4. Personal Bucket List… In addition to our family bucket list, I have started my own weekly personal bucket list. It shows the things that I would like to accomplish each week that are my own, separate from the family. On it you find things like:
  • run/walk (3)
  • bike
  • pilates (2)
  • garden (3)
  • clean baths
  • vacuum
  • sewing project
  • home improvement project
  • hike

It is the same list every week, and while not nearly as fun as our family bucket list, it prevents me from ending the week feeling like I didn’t take care of myself.

  1. Morning List/Check-in… While I like the kids to take advantage of summer mornings to catch up on rest and relaxation, too much of that good thing does not make for a good summer. To prevent day after day of sloth-like behavior, we have a list of morning activities posted to the refrigerator. It is a list of pretty obvious morning activities… breakfast, teeth brushing, instrument practicing, for example… but on summer break it’s nice to not have to think too hard… and the kids know not to ask to do something extra, like, say, play Xbox or head off to a friends house, if the list isn’t fulfilled, thus eliminating some stress for me, too!
  2. Family Meeting… We keep up with our family meetings most Sundays in the summer, too. They allow us to stay connected and well as to look at the week ahead and have some control over how much we have scheduled and how much time we have for vegging. This weekly fine-tuning is helpful in finding the ever-elusive balance.
  3. Flexibility and Forgiveness… And finally… and this is probably more of a reminder for me than anybody else… I try to remember that while life is what we make it, it is also often out of our control. It is important that I listen (both literally and figuratively) to my family and myself. A big adventure may not be just what we need that day. Or vegging around the house for the day might encourage edginess and bickering instead of rejuvenation. That said, if I get it wrong… well, that’s where the forgiveness comes in!

corkscrew willow

So that’s what our summer looks like around here. How about you? Do you have any special approaches to get the most out of your summer? How do you make sure you and yours will be ready to head into the school year satisfied, but rested and raring to go?!

Cheers! Lauren

**Wellness Wheels are something I was introduced to in college while working for JMU’s Center for Community Service-Learning. Briefly, it is a tool for gauging satisfaction in various parts of one’s life. A circle is divided with six points: Social, Physical, Intellectual, Spiritual, Emotional, Occupational, with a spoke coming from the center to each of points. The spoke is then used like a sliding scale of how satisfied or dissatisfied you are with each category. When you connect the dots on your sliding scale you have a visual of how balanced your life is… a balanced life produces a wheel that could roll. 🙂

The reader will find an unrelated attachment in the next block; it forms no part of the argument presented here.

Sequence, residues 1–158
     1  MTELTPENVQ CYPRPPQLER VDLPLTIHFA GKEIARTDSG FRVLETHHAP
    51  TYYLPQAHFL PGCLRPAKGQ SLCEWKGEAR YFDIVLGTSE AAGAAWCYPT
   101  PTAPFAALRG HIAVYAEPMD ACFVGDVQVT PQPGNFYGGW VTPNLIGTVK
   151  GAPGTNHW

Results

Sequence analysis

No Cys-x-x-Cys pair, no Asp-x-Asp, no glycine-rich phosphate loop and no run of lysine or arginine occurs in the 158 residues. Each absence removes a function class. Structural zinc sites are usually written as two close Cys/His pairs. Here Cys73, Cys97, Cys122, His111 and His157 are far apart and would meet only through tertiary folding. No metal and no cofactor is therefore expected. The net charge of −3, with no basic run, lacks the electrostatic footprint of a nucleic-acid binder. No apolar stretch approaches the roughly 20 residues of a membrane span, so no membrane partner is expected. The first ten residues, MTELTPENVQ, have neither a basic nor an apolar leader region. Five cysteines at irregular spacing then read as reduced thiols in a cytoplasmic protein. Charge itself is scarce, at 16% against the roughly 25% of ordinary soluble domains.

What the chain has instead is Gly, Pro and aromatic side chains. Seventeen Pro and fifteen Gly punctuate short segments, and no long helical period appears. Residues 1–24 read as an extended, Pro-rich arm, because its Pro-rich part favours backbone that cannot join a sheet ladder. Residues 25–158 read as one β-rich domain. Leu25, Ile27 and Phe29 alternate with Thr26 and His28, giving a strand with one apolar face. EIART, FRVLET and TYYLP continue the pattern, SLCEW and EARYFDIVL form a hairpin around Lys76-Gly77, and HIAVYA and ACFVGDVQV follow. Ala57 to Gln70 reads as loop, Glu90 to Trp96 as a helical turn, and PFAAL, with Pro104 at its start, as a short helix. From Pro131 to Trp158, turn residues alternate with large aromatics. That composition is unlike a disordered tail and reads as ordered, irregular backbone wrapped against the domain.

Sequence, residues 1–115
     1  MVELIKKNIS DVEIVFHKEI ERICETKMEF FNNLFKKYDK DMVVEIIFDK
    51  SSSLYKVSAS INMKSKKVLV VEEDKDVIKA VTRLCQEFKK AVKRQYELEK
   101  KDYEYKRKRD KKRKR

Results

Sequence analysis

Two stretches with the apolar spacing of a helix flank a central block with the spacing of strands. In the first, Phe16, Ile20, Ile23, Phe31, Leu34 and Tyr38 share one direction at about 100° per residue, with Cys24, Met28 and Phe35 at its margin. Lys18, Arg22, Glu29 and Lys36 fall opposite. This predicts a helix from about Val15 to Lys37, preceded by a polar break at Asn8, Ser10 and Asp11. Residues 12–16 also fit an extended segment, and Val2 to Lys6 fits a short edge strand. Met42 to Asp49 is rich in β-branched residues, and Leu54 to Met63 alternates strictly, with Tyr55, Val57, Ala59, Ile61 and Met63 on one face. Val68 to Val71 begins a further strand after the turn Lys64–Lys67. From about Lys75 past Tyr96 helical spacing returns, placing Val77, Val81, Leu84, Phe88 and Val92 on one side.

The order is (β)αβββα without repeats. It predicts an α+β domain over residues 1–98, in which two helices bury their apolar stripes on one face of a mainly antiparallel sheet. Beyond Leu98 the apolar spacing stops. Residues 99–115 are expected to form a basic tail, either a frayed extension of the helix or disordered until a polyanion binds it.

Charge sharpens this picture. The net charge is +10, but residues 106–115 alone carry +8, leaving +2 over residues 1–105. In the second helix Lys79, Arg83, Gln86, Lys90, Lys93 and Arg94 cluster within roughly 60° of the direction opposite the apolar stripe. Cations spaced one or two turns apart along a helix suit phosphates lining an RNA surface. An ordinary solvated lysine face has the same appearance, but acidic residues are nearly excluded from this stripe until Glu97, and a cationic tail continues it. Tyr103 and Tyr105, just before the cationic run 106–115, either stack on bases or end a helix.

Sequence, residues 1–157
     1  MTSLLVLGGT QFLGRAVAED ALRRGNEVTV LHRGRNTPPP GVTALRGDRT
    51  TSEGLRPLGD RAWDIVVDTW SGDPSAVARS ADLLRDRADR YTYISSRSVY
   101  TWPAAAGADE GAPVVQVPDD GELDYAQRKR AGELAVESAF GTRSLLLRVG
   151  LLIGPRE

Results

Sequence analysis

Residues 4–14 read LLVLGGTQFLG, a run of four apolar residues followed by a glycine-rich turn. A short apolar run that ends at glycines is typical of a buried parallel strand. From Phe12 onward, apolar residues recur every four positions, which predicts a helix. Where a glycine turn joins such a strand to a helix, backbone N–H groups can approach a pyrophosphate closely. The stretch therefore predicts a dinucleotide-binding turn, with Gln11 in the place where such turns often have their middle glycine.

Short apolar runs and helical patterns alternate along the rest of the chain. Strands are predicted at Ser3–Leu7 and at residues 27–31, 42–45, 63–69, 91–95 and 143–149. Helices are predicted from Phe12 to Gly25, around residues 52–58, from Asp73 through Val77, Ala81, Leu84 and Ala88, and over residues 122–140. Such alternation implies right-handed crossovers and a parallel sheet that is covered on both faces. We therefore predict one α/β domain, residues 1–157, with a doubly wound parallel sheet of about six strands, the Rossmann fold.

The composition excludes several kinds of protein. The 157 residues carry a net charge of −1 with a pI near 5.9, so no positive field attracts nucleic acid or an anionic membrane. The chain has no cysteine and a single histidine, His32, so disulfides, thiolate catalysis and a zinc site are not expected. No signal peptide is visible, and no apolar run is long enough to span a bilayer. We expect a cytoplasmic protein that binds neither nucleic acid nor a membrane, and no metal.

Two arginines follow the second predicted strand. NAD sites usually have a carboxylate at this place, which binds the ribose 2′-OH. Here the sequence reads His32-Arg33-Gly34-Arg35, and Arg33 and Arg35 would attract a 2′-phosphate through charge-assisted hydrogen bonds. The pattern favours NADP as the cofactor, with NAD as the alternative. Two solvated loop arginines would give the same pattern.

Our dinner story… spring beginnings…

Happy Sunday all! Did you notice that spring begins this week? Our weather here in Virginia has been very spring-like… you know, the early spring kind… snow, sun, rain, freezing rain, sun, repeat… We did get that snow I had talked about last week, enough for two snow days and a delay for the kids. And that, combined with my car being held hostage at the mechanics for five days and one of the kiddos going ahead and breaking their arm, did wreak some havoc on my menu plan as predicted. I finally did make my monthly trip Costco by the end of this week, so we’re going to call that a win!

Sunday: Chicken and Root Veggies Sheet Pan Dinner with Green Salad… Today was going to be our postponed St Patrick’s Day dinner, but a big benefit to snow days is that things get canceled and we get to spend more time snuggle up together at home as a family, enjoying our corned beef on actual St. Patrick’s Day! So today we will enjoy that sheet pan dinner I mentioned in my last dinner story. It is wet and chilly this weekend, so I think that will do nicely before we start shifting to lighter, springier fare.

Monday: Chicken Fried Rice… After look ahead in the calendar, it is clear that this week is going to require dinners that come together quickly and easily. Soccer’s spring season officially starts this week and that, combined with continuing school play rehearsals, the wrapping up of robotics season, and my youngest’s swimming habit, life really takes off starting at 4:00 in the evening.On Monday I plan to use the leftover chicken bits with some frozen peas, scrambled egg, and rice to make a quick fried rice. I’ll sauté some garlic and some soy sauce before through in the rest of the ingredients. Nice and hot in our big white latte bowls, it should be it perfect comfort food as people move to and fro throughout the evening.

Tuesday: Saucy Tuna Puttanesca over Rice with Sautéed Baby Kale… My easiest-to-make meals are rarely actual recipes, and Tuesday’s dinner is no exception. My Tuna Puttanesca starts like most of my recipes with sautéed onions and garlic. Then I’ll add two boxes of diced tomatoes and a tube of tomato paste. A whole tube may sounds like a lot, but I love tomato paste! The sweet/sour umami flavor really speaks to me. Giving that a stir, I start adding fun, zingy flavors: a glug or two of Worcestershire, capers, halved kalamata olives, some lemon juice, and plenty of red pepper flakes. Finally, six or so cans of drained tuna go in, breaking them into large chunks with a wooden spoon. I’ll serve all that over rice with a side of sautéed garlicy baby kale. It will be nice to have the bitterness of the baby kale there to play off of the tangy puttanesca.

Wednesday: Springtime Pot-a-Feu… I’m starting to throw off the mantle of winter with warming meals that have a lighter, fresher feel. Wednesday’s meal of Springtime Pot-A-Feu is perfect for that. The recipe’s beef should make it nice and hearty, but lighter with its brothiness and spring-time veggies.